since change in speed = acceleration*time
    2Vy = Gxt
    t = 2Vy/G

    (which is why starting and ending at the same height is simple)

    However in our case it must still get to the ground, lets say this time is T_1
    H = T_1 + Vy.T_1 + G.T_1**2/2

    T_1^2 + (2/G)(1+Vy).T_1 = 2H/G
    T_1^2 + T1.2(1+Vy)/G + ((1+Vy)/G))^2 = 2H/G + ((1+Vy)/G)^2
    ( T_1 + (1+Vy)/G ) ^2 = 2H/G + ((1+Vy)/G)^2
    T_1 + (1 + Vy)/G = sqrt( 2H/G + ((1+Vy)/G)^2)
    T_1 = sqrt( 2H/G + ((1+Vy)/G)^2) - (1 + Vy)/G

    so total time in flight = T_1 + t =
    sqrt( 2H/G + ((1+Vy)/G)^2) - (1 + Vy)/G + 2Vy/G

    and total distance = Vx times that

    so
    Distance = Vx.( sqrt( 2H/G + ((1+Vy)/G)^2) - (1 + Vy)/G + 2Vy/G )

    we know speed_squared (SS) = Vx^2 + Vy^2
    so Vx^2 = SS - Vy^2

    hmm, gets a bit tricky
  11. Subscriber joe shmo
    Strange Egg
    07 Dec '13 02:30 / 1 edit
    Originally posted by joe shmo
    Actually, that's not quite the proper scenario. The angle which maximizes the distance traveled is 45 deg only when the initial height of the object is zero.

    Since you have catapult, you should take into account the initial height of the object when it is released.

    However, analytically that is a tricky task

    From (1)

    x = V*cos(A)*t

    Where;
    ...[text shortened]... for x, then graph x vs. A. and locate the maximum "x" and the corresponding "A" from the chart.
    I should note that eq(4) (which neglects friction as F.K. pointed out) that I derived can be explicitly solved for x(A) from the quadratic formula.

    0 = c + b*x + a*x²; where

    c = h
    b = tan(A)
    a = 1/2*g*sec²(A)

    so,

    x = -tan(A) ± Sqrt(tan²(A) + 2*g*h*sec²(A))/(-g*sec²(A) )

    from which you can find dx/dA = 0, and theoretically solve it ( however I suspect a method of approximation would need to be employed).

    Anyhow, I pretty sure the topic is dead, but I just wanted to clarify.
  12. Subscriber joe shmo
    Strange Egg
    07 Dec '13 02:41
    Originally posted by iamatiger
    Let me try this:
    Say we have the Vx and Vy (speeds) of the projectile:
    The time in flight merely depends on Vy and initial height H
    First work out time to zero Y speed (T_0)
    Speed at any time = Initial_velocity + acceleration*time

    When the projectile has gone up and back down to its initial height then
    it must be moving at the opposite y-speed to i ...[text shortened]... y/G )

    we know speed_squared (SS) = Vx^2 + Vy^2
    so Vx^2 = SS - Vy^2

    hmm, gets a bit tricky
    Something isn't quite right here I believe. You seem to be adding time and distance with this equation.

    "H = T_1 + Vy.T_1 + G.T_1**2/2"

    H = time + distance + distance ??
  13. 08 Dec '13 12:39
    Originally posted by joe shmo
    Something isn't quite right here I believe. You seem to be adding time and distance with this equation.

    "H = T_1 + Vy.T_1 + G.T_1**2/2"

    H = time + distance + distance ??
    Aha! Thank you, yes, you are correct
    I am always too careless at maths.
    So, corrected:

    H = Vy.T_1 + G.T_1**2/2
    2H/G = (2Vy/G).T_1 + T_1^2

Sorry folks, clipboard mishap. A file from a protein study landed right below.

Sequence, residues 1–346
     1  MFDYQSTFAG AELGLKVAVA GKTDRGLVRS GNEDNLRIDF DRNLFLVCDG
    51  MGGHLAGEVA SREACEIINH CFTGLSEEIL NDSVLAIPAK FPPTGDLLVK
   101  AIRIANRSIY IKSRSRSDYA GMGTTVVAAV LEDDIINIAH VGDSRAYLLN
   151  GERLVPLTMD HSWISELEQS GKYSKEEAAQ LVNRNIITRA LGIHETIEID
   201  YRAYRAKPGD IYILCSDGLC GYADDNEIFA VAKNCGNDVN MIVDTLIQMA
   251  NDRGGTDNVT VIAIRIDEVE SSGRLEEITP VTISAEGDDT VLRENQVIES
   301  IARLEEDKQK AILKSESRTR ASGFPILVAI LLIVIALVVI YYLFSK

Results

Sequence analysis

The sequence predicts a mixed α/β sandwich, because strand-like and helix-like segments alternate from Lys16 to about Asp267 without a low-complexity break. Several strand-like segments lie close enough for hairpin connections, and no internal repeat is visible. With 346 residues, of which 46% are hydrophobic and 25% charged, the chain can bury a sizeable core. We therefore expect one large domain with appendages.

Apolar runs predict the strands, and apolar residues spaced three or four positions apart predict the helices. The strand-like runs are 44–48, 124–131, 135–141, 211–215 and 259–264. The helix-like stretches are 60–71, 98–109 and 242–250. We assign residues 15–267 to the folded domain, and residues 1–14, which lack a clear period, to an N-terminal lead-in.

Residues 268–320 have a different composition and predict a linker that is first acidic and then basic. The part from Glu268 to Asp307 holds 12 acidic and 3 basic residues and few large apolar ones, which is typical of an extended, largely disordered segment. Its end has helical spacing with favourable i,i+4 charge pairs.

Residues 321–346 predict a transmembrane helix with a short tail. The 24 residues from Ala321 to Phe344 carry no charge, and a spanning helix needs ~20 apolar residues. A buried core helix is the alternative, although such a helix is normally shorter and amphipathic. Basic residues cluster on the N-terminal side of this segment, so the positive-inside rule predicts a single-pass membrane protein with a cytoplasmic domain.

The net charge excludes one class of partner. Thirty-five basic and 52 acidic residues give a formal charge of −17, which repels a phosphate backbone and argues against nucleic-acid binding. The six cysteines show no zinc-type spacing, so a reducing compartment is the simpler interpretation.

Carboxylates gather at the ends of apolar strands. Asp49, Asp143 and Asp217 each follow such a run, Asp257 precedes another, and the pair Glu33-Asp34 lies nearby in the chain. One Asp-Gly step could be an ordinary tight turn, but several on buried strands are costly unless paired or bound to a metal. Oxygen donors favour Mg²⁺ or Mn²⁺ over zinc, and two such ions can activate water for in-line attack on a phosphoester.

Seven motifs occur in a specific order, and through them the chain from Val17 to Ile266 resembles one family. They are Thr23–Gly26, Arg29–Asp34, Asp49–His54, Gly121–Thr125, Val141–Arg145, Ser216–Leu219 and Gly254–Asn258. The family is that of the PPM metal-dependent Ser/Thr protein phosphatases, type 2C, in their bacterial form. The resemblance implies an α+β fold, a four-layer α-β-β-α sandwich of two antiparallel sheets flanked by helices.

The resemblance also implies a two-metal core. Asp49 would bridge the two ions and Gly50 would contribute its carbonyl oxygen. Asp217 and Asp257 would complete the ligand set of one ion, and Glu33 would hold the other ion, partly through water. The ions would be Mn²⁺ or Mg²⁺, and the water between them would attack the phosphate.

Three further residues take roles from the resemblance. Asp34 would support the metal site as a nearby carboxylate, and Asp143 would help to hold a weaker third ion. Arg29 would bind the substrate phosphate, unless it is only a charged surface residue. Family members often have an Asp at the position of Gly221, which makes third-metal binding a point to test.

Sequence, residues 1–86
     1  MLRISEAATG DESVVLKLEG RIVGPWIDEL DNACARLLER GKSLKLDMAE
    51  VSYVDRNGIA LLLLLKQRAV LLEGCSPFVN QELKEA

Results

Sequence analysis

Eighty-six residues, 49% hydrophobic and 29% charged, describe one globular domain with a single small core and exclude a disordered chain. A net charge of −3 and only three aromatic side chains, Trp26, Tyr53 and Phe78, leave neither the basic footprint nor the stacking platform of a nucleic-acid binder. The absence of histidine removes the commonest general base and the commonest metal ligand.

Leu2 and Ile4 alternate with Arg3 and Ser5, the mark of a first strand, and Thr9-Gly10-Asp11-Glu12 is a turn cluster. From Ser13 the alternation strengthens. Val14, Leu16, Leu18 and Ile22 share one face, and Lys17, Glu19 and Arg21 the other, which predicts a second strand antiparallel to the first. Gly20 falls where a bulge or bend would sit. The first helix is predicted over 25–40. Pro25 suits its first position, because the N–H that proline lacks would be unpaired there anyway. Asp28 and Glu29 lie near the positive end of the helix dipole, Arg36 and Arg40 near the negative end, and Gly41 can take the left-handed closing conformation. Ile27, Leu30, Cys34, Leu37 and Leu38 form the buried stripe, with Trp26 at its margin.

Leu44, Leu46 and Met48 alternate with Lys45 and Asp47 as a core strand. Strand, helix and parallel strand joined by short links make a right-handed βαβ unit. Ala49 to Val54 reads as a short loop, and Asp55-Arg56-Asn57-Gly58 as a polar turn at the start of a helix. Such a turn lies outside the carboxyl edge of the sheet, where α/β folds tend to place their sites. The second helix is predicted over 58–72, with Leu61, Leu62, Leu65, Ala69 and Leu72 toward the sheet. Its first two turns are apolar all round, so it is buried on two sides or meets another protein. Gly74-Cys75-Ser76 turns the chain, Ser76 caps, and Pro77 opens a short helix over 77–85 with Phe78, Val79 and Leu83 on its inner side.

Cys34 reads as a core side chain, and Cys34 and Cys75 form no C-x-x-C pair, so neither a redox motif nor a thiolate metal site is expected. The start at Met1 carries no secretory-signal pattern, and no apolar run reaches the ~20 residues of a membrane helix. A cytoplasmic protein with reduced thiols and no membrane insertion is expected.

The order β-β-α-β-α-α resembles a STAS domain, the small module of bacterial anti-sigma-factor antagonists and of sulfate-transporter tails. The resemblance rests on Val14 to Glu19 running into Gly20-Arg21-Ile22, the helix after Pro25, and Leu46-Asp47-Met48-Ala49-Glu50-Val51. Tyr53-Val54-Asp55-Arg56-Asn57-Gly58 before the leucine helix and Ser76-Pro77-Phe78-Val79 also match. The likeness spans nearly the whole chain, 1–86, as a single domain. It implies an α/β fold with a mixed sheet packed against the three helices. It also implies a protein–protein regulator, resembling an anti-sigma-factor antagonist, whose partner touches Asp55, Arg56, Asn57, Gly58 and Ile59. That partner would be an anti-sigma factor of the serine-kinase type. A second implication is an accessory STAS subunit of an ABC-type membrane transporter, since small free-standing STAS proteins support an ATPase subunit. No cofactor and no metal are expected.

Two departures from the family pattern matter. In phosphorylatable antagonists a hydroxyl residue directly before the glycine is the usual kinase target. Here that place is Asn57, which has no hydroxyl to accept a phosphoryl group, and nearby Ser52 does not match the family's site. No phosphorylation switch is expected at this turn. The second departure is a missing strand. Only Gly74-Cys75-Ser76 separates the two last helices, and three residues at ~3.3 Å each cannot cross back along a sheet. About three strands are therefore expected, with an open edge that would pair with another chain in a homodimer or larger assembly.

sqrt(2H/G+Vy^2/G^2) = T_1 + Vy/G
    T_1 = sqrt(2H/G+Vy^2/G^2) - Vy/G {only want positive root}

    giving total time in flight = Vy/G + sqrt(2H/G+Vy^2/G^2)

    Distance = Vx(Vy/G + sqrt(2H/G+Vy^2/G^2))

    using
    Vx^2 = SS - Vy^2

    Distance = sqrt(SS - Vy^2 )(Vy/G + sqrt(2H/G+Vy^2/G^2))

    so differentiating

    d(distance)/d(Vy) =
    sqrt(SS - Vy^2 )(1/G + d/dy{ sqrt(2H/G+Vy^2/G^2))}
    + (Vy/G + sqrt(2H/G+Vy^2/G^2))(d/dy{sqrt(SS - Vy^2 )})

    from the chain rule
    d/dx f(g(x)) = f'(g(x)).g'(x)
    so
    d/dx sqrt(g(x)) = g'(x)/(g(x)

    d(distance)/d(Vy) =
    sqrt(SS - Vy^2 )(1/G + (2Vy/G^2)/(2H/G+Vy^2/G^2)
    + (Vy/G + sqrt(2H/G+Vy^2/G^2))(-2Vy/(SS - Vy^2 ))

    so we need to solve for
    0 =
    sqrt(SS - Vy^2 )(1/G + (2Vy/G^2)/(2H/G+Vy^2/G^2)
    + (Vy/G + sqrt(2H/G+Vy^2/G^2))(-2Vy/(SS - Vy^2 ))
  14. Subscriber joe shmo
    Strange Egg
    10 Dec '13 00:08
    Originally posted by iamatiger
    Aha! Thank you, yes, you are correct
    I am always too careless at maths.
    So, corrected:

    H = Vy.T_1 + G.T_1**2/2
    2H/G = (2Vy/G).T_1 + T_1^2
    sqrt(2H/G+Vy^2/G^2) = T_1 + Vy/G
    T_1 = sqrt(2H/G+Vy^2/G^2) - Vy/G {only want positive root}

    giving total time in flight = Vy/G + sqrt(2H/G+Vy^2/G^2)

    Distance = Vx(Vy/G + sqrt(2H/G+Vy^2/G^2))

    using
    Vx^2 ...[text shortened]... t(SS - Vy^2 )(1/G + (2Vy/G^2)/(2H/G+Vy^2/G^2)
    + (Vy/G + sqrt(2H/G+Vy^2/G^2))(-2Vy/(SS - Vy^2 ))
    I suppose that if all the math is done correctly it would be a valid result by first solving for V_y, then V_x from

    V_x = Sqrt(SS - V_y^2)

    and finding the corresponding angle from

    tan(Angle) = V_y/V_x

    But that final equation would be a absolute nightmare for sure! So I think I'm going to have to stick with my method. Who knows though, seems to be a difficult solution in either case.
  15. 11 Dec '13 00:46
    ok , thanks Jo

    Now we need to simplify:
    sqrt(SS - Vy^2 )(1/G + (2Vy/G^2)/(2H/G+Vy^2/G^2))
    + (Vy/G + sqrt(2H/G+Vy^2/G^2))(-2Vy/(SS - Vy^2 ))
    = 0

    {I replaced an errant bracket}

    so multiply through by sqrt(SS - Vy^2 )

    (SS - Vy^2 )(1/G + (2Vy/G^2)/(2H/G+Vy^2/G^2))
    + (Vy/G + sqrt(2H/G+Vy^2/G^2))(-2Vy/sqrt(SS - Vy^2 )) = 0

    Do some substitutions:
    (SS - Vy^2 ) = A
    (2H/G+Vy^2/G^2) = B

    so

    A(1/G + (2Vy/G^2)/B)
    + (Vy/G + sqrt(B))(-2Vy/sqrt(A) = 0

    multiply out the rightthand part and move the lefthand part to the other side

    2Vy^2/(G.sqrt(A)) + 2Vy.sqrt(B/A) = A(1/G + (2Vy/G^2)/B)

    square both sides:
    4Vy^4/(G^2.A)+4Vy^2.(B/A) + 8Vy^3.sqrt(B)/G = A^2(1/G + (2Vy/G^2)/B)^2

    now we can isolate sqrt(B) on its own, square both sides again, and we at least we have a polynomial without square roots in, but it still looks complex!